L’atelier offers you just two choices: the six-course menu (95€) or the nine-course menu (123€). That’s it. On certain days, there's also a three-course option for lunch (55€). You can order wine by the glass, by the bottle, or pick one of the wine pairings chosen by the sommelier (three glasses, 45€; five glasses, 65€). 

The server will ask if you have any food allergies, which is a nice touch. I can’t eat gluten and I normally have to bring up the subject myself, which can make for an awkward moment. I appreciate that L’atelier made this discussion a comfortable one.

My wife and I went to L’atelier recently for her birthday, as it's our special occasion restaurant of choice. We usually order the six-course menu. The courses are small but you always get more than advertised (this year we counted eight courses) so there's no risk of going hungry.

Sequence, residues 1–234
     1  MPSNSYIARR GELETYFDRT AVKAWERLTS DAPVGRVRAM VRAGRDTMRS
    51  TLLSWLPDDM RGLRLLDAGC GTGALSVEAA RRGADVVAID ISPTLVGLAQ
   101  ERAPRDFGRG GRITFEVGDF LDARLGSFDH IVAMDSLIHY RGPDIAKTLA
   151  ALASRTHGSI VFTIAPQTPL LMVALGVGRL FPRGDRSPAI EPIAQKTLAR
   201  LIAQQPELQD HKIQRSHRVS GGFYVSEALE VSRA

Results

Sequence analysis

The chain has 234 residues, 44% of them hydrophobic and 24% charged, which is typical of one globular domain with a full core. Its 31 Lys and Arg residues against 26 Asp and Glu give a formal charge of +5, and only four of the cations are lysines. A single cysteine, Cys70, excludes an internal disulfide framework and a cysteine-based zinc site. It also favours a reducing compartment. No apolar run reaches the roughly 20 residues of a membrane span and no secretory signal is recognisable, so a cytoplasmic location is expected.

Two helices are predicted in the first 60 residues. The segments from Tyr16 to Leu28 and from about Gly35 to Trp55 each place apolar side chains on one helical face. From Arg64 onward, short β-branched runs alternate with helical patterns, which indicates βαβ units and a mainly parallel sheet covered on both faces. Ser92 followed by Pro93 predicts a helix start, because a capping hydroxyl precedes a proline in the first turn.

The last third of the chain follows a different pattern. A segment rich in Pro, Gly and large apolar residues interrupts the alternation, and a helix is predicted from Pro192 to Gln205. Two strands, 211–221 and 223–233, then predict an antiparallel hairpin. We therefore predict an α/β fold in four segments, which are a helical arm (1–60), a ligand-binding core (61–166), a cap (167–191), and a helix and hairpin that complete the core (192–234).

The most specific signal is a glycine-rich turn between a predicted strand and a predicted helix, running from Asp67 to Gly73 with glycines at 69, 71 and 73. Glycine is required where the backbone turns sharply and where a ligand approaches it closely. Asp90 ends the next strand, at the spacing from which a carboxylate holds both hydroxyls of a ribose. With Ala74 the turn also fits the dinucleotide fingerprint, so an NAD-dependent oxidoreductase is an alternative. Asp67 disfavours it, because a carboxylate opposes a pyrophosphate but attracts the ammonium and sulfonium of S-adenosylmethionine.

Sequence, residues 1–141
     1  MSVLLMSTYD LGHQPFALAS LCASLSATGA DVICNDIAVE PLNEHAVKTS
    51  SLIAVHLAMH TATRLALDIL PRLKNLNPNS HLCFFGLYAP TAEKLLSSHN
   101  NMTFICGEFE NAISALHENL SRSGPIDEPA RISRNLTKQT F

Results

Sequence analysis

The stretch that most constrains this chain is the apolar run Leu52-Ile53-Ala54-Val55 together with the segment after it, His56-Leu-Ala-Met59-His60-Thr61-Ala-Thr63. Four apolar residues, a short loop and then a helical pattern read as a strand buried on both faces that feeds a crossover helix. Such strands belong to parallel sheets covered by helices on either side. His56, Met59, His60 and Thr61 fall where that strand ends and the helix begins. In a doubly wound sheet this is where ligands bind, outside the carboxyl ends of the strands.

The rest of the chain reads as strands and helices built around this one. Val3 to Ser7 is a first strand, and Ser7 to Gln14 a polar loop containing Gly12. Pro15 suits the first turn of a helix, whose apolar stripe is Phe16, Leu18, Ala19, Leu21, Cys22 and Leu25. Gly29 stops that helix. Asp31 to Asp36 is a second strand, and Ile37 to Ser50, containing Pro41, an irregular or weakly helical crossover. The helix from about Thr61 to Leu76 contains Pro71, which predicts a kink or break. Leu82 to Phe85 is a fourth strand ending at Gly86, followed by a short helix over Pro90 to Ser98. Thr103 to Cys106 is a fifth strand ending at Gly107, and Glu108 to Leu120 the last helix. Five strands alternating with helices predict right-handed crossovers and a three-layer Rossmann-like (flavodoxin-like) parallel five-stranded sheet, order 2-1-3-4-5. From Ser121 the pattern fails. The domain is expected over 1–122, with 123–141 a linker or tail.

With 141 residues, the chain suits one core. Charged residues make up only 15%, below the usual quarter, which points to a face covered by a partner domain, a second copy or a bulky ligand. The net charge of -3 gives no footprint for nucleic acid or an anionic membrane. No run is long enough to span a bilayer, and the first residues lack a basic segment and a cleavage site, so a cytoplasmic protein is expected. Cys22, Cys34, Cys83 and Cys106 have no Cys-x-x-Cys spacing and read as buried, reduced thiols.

Plus there's the bread - you're served a selection of five different freshly baked varieties. And lucky me, I enjoyed the best gluten-free bread I’ve ever had.

After a glass of Champagne, the plates started arriving. My wife says that each plate is like a work of art you get to enjoy twice. First you appreciate its beauty, and then you savor the tastes. 

Our meal began with a piece of raw tuna marinated in sesame oil and laid atop sliced celery root and basil. This was sprinkled with a peanut crumble. Oh yes, there were also little pieces of smoky lardon hiding in there. And the flower on top was spicy. All those flavors were nice way to wake up the taste buds!